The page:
Commentator Dennis Cometti reckons this season should simply include “exhibition games”, without any emphasis on results or individual accolades. “I don’t think there should be a premiership or a Brownlow Medal,” Cometti told Triple M.
There’s no doubt this season will be unique, but does that make it inferior? An asterisk next to this year’s premiers would indicate that the competition was not just different, but something less.
This is just not the case.
Don’t worry about it being different. Let’s be frank, before 1987 the VFL, which later became the AFL, included only Victorian teams. Given we now have eight non-Victorian teams entrenched in the competition, should all those who won flags in the pre-AFL era have asterisks next to their premierships? Should they even be counted?
Then there’s the notion that the season is less significant because it will be only 17 rounds, but again there’s been plenty of premierships won in the past where seasons have been less than the standard 22 games. In the earliest years of the VFL, the season was 14 rounds plus finals. Before long the season was extended to an 18-game season, only one less than will be played this year. During the years of World War I, one season was reduced to as few as 12 rounds. During World War II, some of the seasons contained as few as 16.
In 1968 the season was extended to 20 games, and in 1970 it became a 22-game season to ensure each team played all other teams twice. Even with teams being added, it’s been a 22-game season ever since, except for 1993, which was only a 20-game season.
So many potential asterisks.
Then there’s the multitude of finals systems the VFL and AFL have used to determine its overall winner, which has led to a final 4, then 5, then 6 and now 8. In 1924 there was no grand final at all. Instead, a new system was trialled where the top four teams played each other in a round robin competition. The winner of this series would then go on to play the minor premiers of the home and away season. The problem was that Essendon won both the minor premiership and the round robin series. Given they couldn’t play against themselves, the grand final was not staged.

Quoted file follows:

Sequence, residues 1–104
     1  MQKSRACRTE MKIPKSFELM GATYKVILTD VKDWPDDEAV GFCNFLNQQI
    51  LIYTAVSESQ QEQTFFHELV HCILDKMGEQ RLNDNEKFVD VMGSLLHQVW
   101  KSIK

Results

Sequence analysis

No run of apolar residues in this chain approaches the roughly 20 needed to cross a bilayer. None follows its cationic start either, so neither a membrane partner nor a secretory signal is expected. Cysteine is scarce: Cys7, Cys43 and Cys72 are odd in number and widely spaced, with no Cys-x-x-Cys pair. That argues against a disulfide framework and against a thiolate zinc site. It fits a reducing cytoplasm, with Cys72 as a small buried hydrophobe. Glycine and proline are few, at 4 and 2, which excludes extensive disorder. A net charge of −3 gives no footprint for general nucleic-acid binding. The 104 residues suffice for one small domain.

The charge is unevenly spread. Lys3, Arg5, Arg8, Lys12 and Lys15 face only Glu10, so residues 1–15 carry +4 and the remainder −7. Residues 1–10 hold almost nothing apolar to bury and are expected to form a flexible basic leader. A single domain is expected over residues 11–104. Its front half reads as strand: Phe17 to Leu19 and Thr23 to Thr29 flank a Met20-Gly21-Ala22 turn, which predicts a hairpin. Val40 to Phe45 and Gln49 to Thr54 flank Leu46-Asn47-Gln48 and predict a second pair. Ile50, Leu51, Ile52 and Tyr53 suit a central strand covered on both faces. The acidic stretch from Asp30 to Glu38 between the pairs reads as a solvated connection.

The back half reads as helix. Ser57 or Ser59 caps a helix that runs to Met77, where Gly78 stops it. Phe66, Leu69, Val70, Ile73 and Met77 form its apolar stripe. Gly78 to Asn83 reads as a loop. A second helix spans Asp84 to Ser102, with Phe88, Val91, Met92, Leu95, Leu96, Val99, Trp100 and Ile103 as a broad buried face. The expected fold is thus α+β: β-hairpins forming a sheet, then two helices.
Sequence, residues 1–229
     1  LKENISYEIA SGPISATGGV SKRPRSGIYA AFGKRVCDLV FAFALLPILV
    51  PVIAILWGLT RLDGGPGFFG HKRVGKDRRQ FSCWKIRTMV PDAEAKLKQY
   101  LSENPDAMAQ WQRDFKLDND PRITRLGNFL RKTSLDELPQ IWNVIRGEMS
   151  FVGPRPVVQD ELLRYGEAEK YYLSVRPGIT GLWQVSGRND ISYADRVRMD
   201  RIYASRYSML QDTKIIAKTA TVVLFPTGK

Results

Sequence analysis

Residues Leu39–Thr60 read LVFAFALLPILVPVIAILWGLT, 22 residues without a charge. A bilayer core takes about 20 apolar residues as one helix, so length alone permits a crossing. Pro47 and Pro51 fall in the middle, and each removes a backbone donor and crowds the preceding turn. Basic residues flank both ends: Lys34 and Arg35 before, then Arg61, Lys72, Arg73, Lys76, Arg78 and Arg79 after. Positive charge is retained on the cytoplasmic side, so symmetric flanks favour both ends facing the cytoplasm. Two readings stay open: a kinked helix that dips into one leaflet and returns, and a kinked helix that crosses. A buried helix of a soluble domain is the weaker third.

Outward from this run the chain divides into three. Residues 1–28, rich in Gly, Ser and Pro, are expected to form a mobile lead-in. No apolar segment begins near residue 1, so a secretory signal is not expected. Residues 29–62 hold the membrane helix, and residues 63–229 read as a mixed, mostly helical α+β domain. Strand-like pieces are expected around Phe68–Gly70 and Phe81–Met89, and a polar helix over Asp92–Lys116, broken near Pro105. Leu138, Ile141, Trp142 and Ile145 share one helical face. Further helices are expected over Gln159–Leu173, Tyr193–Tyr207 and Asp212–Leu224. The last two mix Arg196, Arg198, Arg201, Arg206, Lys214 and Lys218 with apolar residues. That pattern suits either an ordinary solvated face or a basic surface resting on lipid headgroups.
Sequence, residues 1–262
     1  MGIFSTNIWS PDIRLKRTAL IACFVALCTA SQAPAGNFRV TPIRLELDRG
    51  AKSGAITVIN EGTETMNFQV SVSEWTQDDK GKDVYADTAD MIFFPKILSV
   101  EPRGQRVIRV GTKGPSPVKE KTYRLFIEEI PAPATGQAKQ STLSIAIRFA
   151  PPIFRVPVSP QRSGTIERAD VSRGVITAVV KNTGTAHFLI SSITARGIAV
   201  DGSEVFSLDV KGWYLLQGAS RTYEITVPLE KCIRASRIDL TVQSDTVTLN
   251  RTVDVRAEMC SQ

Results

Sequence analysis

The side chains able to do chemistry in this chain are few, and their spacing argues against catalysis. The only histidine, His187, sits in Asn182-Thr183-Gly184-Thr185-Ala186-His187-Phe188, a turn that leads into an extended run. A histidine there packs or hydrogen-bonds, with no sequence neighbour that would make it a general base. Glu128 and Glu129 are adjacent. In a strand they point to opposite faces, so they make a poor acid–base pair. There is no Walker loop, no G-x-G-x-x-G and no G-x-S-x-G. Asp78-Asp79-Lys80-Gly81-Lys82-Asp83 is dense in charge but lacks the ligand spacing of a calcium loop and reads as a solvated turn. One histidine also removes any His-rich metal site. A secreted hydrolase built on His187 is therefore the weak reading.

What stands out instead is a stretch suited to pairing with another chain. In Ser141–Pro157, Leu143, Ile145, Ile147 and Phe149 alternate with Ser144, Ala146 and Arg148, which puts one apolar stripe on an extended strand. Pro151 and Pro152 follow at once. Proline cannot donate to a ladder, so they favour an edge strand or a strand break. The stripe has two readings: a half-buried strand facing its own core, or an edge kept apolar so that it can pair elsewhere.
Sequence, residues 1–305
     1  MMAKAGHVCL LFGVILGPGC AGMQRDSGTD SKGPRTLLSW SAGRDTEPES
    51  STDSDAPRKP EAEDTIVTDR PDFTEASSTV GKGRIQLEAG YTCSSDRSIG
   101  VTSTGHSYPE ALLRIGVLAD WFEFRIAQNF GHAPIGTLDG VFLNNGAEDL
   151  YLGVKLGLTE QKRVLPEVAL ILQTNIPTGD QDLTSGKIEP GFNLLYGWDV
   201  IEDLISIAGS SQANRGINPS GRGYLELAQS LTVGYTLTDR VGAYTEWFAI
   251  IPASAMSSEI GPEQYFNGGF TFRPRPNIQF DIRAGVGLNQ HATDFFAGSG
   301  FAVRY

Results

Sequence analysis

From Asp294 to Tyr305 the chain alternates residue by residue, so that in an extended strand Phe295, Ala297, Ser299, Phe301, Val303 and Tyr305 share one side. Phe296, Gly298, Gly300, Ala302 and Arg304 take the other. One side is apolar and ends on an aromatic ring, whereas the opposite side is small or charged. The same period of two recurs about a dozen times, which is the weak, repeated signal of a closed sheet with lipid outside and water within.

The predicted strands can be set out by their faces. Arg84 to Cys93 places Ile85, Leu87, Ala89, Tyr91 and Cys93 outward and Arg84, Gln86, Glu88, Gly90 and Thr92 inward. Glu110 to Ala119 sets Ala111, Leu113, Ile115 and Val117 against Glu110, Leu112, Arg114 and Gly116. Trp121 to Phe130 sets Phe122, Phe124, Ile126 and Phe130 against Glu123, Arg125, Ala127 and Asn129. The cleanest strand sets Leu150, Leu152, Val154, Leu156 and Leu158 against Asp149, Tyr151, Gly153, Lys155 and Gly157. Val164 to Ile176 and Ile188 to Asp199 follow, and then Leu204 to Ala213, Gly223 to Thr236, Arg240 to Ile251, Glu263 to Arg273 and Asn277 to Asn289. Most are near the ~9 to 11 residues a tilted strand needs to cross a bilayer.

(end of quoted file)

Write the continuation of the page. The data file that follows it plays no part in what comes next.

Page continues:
So, there have been plenty of unusual seasons. But more than anything, what really makes the idea of an asterisk sitting next to this season unnecessary is the idea that it is somehow inferior. Let’s not forget that when you push aside the money, fame, celebrity and commercialisation of modern sport, it’s still about the struggle.
This notion was perhaps never more at the forefront of the ethos of sport than in the age of amateurism, but it is still important today. In fact, the idea that something is worth doing because it’s difficult, challenging and provides an opportunity to learn and grow – all in the pursuit of excellence – has never been more relevant.
This will be a challenging season for all clubs, coaches and players. In fact, it will be one of the most challenging seasons in the game’s history, which might, in fact, make an asterisk next to the season worthwhile, but certainly not because it’s inferior.
As AFL great Wayne Carey put it, “If you win (the premiership) this year, there might be an asterisk saying this is the best premiership ever.”
Sam Duncan is a lecturer in sports media and marketing.